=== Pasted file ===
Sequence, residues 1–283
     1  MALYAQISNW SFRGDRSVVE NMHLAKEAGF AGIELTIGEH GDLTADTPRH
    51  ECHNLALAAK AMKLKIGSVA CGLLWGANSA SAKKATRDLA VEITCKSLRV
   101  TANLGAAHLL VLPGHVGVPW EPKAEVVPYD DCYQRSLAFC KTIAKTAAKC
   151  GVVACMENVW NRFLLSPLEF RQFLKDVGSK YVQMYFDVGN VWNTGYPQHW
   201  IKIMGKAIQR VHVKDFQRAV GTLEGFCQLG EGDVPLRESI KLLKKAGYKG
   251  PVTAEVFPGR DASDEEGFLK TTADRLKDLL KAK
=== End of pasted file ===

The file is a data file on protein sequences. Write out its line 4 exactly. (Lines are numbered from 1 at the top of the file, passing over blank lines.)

   101  TANLGAAHLL VLPGHVGVPW EPKAEVVPYD DCYQRSLAFC KTIAKTAAKC